Gene editing patent ruling sways fortune of biotech hopefuls
- Author: Joanne Flowers Feb 16, 2017,
Feb 16, 2017, 7:11
After almost four years of wrangling over the gene-editing technology known as CRISPR-Cas9, the patent office denied University of California-Berkeley's challenge of a provisional patent granted in 2013 to the Broad Institute, associated with Harvard University and the Massachusetts Institute of Technology.
The patent dispute involved work led by Feng Zhang of the Broad Institute and Jennifer Doudna and Emmanuelle Charpentier at Berkeley. UC Berkeley's lawyer argued that Zhang's accomplishments in eukaryotes were an obvious extrapolation of Doudna and Charpentier's work, and the Broad's patent thus interfered with the earlier application; the Broad's lawyer argued that it wasn't obvious, and Zhang's work deserved the patent that it was granted.
Doudna is credited with being the first to figure out how to use CRISPR to program cells using the Cas9 enzyme. Companies such as Monsanto, GE Healthcare and others working with the Broad Institue or Doudna's CRISPR startup Caribou Bioscience may have to get licenses from both parties if they want to work on CRISPRing plants and animal cells for research.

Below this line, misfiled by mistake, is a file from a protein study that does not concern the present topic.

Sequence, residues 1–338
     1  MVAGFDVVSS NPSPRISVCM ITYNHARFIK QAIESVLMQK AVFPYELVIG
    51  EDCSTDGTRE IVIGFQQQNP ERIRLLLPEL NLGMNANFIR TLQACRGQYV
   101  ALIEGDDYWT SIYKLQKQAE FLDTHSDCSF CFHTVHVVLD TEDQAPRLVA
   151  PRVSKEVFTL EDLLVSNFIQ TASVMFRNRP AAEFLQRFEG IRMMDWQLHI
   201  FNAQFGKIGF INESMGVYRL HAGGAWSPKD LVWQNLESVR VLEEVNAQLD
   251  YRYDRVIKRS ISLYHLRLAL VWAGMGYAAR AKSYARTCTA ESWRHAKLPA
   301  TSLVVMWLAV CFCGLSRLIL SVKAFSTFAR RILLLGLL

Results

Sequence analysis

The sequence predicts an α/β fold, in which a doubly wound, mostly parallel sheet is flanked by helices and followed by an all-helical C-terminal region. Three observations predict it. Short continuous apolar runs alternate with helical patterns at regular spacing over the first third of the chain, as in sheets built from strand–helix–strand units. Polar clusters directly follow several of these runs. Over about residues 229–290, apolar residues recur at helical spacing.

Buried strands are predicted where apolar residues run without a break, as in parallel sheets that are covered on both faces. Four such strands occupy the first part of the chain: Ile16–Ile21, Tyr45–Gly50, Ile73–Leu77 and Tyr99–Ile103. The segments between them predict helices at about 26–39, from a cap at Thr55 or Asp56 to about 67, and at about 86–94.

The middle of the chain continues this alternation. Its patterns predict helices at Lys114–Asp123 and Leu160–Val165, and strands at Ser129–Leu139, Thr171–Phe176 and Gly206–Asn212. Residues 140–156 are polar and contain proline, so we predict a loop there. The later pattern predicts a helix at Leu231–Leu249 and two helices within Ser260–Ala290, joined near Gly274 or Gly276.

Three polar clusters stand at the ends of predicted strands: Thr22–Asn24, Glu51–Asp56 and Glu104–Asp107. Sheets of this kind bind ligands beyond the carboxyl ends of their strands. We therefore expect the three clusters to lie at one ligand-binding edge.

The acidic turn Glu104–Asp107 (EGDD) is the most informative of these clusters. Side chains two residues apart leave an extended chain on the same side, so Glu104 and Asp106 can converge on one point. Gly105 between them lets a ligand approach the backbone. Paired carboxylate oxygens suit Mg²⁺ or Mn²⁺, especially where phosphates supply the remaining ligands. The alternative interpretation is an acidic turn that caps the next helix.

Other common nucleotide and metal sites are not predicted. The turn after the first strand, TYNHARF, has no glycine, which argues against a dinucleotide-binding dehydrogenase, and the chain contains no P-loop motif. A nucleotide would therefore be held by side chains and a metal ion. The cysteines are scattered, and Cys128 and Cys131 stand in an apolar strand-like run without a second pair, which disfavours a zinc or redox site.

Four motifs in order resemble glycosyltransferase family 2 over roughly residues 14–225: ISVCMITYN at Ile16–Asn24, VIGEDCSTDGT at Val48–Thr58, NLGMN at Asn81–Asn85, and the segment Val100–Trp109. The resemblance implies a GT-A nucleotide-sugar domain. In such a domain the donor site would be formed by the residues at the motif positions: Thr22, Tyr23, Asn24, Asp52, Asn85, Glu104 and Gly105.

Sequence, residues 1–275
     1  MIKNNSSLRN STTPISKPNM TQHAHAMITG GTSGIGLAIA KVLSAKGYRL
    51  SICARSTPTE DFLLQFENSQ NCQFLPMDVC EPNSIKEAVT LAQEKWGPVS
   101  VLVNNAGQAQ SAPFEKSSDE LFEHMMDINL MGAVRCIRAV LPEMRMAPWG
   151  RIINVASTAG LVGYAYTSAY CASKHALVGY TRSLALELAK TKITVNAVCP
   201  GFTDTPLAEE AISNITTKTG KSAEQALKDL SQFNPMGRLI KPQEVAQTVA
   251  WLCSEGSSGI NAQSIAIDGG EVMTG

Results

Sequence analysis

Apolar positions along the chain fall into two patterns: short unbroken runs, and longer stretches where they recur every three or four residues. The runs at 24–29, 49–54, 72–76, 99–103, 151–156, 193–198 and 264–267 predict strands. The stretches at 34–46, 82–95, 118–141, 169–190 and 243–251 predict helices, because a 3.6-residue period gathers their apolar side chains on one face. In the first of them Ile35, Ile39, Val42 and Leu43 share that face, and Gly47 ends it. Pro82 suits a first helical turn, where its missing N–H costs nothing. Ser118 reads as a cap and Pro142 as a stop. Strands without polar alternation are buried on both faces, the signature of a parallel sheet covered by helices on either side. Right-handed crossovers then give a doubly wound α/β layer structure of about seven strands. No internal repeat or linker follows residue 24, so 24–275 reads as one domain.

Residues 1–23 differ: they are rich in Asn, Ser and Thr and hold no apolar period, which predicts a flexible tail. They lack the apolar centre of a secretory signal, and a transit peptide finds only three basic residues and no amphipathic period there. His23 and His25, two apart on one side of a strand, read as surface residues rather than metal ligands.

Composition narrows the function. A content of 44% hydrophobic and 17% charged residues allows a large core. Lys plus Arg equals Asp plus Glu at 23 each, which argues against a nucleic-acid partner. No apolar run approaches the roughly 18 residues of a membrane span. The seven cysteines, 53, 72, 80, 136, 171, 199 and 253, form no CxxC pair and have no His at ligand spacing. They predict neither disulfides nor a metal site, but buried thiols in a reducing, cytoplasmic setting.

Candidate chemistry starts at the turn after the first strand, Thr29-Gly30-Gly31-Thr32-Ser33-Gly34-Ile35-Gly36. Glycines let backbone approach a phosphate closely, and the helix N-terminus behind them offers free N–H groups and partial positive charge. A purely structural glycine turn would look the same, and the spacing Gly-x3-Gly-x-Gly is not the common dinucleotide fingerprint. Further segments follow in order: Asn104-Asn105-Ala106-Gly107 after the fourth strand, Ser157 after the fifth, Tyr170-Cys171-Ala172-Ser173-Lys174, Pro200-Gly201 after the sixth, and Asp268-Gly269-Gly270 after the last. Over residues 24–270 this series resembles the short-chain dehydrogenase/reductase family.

In the U.S., whenever a patent application is submitted, a patent office examiner reviews it and decides whether or not to grant it a provisional patent. The battle was brought by the University of California, Berkeley when it challenged a dozen patents held by the Broad Institute, which is affiliated with Harvard and MIT.
The judges ruled Wednesday that the Broad technique was sufficiently different from Berkeley's technology, and therefore could be patented separately.
The US Patent and Trademark Office has called a victor in the intellectual property battle between east coast and west coast academics at three of the nation's most prestigious institutions of higher learning.
The ruling only applies to CRIPSR as it applies to living cells.
Jacob Sherkow, who specializes in patent law for matters of biological sciences at the New York Law School, said he thinks it would be worthwhile for Berkeley to take the matter to a federal appeals court.
The decision may come at just the right time as the use of CRISPR in modifying human embryos with certain heritable diseases was just approved by a science advisory panel formed by the National Academy of Sciences and the National Academy of Medicine this week. Berkeley could find ways to appeal or challenge Broad's patents in other ways, and several other challenges, including from the Rockefeller Institute and inventors in Korea are winding their way through the patent system.
After the Broad Institute was given a provisional patent for CRISPR-Cas9 for gene editing in plant, animal, and human cells in 2013, Berkeley put forth a challenge.